And so the Metallica blog rolls onto this, their quite frankly awesome second album which upped their game quite considerably and moved them to the next level. They'd gone from acne-bumfluff sloppiness on Kill 'Em All into more prescision arrangements, tighter playing and overall better songs as well as more confidence in trying new things. Not bad for a band dubbed 'Alcoholica' due to their perchant for a vodka or 85...
Released in 1984, it soon put them at the forefront of the then getting-off-it's-feet Thrash Metal scene. In fact, one of Metallicas early tours was supporting Geordie metallers Venom and accounts claim that Metallica blew Venom away as by that point, the headliners were old hat and a bit tired. It's been well documented that Metallica were influenced by the NWOBHM scene (The royalties that Diamond Head got for the cover of "Am I Evil" kept them going for a while) but on this album, they brought some of their own ideas to the forefront. Some of these worked, but some didn't. This is also the last Metallica album to feature songs that former guitarist Dave Mustaine contributed to. Mind, he claimed to have wrote stuff on "Master Of Puppets" but Dave Insane says a lot of things - doesn't mean they're right or true...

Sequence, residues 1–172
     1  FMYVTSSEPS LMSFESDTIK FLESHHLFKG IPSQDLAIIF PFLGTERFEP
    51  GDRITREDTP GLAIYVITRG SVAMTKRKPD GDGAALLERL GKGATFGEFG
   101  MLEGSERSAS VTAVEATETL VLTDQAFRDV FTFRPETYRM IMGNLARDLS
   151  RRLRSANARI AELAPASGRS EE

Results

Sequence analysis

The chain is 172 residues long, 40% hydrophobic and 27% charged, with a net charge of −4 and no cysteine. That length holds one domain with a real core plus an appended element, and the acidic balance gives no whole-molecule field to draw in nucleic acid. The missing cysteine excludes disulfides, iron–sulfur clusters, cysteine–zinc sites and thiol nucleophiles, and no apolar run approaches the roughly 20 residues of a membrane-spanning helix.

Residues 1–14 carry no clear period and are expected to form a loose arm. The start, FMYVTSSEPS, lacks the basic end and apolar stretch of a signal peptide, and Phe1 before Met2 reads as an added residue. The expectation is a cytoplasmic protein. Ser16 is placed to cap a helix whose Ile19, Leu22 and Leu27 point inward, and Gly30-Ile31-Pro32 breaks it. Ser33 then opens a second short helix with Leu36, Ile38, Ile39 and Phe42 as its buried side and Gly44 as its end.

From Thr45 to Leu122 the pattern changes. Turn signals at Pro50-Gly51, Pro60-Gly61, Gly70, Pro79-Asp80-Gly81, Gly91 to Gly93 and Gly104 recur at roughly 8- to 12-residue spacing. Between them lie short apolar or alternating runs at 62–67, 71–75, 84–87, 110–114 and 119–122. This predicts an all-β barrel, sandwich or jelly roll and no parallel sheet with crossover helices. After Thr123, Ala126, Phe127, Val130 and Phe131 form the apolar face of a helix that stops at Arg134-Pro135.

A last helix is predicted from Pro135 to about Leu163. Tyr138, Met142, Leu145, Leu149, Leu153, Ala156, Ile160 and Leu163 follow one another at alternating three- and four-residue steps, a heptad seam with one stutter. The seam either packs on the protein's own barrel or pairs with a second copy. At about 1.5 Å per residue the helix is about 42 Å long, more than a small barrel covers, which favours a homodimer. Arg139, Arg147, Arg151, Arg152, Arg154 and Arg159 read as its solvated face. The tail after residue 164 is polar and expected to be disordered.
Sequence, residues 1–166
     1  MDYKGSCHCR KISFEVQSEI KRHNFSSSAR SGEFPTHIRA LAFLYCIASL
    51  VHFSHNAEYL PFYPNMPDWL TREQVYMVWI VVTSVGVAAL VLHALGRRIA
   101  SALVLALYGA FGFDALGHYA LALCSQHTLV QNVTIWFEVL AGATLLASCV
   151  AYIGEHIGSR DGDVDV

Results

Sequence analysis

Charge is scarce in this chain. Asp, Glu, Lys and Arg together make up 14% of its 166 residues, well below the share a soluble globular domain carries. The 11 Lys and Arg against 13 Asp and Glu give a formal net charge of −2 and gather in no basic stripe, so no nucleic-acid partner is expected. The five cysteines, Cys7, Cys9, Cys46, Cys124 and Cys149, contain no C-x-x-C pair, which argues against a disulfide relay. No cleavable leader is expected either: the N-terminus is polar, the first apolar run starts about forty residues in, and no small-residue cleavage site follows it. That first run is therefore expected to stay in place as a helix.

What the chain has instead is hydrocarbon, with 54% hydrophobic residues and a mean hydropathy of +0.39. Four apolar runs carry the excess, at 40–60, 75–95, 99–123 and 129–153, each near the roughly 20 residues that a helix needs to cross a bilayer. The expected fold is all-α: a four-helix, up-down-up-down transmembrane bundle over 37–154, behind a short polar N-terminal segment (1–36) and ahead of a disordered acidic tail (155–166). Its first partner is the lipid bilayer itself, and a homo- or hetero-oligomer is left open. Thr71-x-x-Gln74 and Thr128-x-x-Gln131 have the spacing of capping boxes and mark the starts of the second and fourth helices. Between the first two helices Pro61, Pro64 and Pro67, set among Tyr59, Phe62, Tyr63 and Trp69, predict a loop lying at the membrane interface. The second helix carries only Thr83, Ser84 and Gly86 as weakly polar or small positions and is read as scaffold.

Opening with "Fight Fire With Fire", it starts off with an acoustic riff which lulls you into a false sense of security before the whole thing kicks off good and proper. It's something that caught on like a dose of clap with every band and their sisters doing the same thing for a very, very long time (Death Metal bands however, updated it to a 'moody keyboard' intro but the intent is still there). Now, when I first heard this I could tell what was gonna happen, but nothing actually prepared me for the song proper - the acoustic passage reaches a crescendo before slamming into quite frankly, one of the most brutal riffs ever written! Slight obvious nod to British punk band Discharge (One of my fave bands of all time), the song is a relentless assault. They were doing thrash on KEA, obviously, but the musicianship is muvh better. It's not as sloppy and is tighter and more coherent. They even get a harmony thing going after the solo with duel guitars! This song is one of the best songs to open an album with. Fucking excellent. Next up is "Ride The Lightling" which is about the death penalty and how it's wrong. I agree. Now, I'm not a liberal (Anyone who knows me will certainly testify that with fucking spades) but I don't agree with it on the grounds it's irreversable and it doesn't actually bring crime down. Keep them alive and test cosmetics on them instead of bunnies. Anyway, back to the song. It slows the pace down but it's still monsterously heavy - and I daresay that the chorus is actually quite catchy! Great solo as well (Even though Kirk Hammet is quite averave when it comes to solos - it's all pentatonic in 'E'). "For Whom The Bell Tolls" is up next which is about the Ernest Hemmingway novel of the same name. There has been many a time I've had a stiff neck after headbanging to this monster! The intro has Cliff Burton (RIP, fella) playing a riff on his bass which sounds doomy and awesome as fuck, before crashing into a song which discusses the ills of war. After that we're then onto one of the most controversial songs Metallica have ever done - "Fade To Black". Not because it's about suicide but because it features an acoustic guitar quite prominently. See, back in the day, metalheads were never the most diverse people in the world so the sound of acoustic songs would bring accusations of "selling out", something the band didn't do until they hired Motley Crue producer Bob Rock and recorded an album of radio friendly chart friendly arena rock songs which totally pissed on their legacy and everything they stood for at this point. "Fade To Black" was an ok song.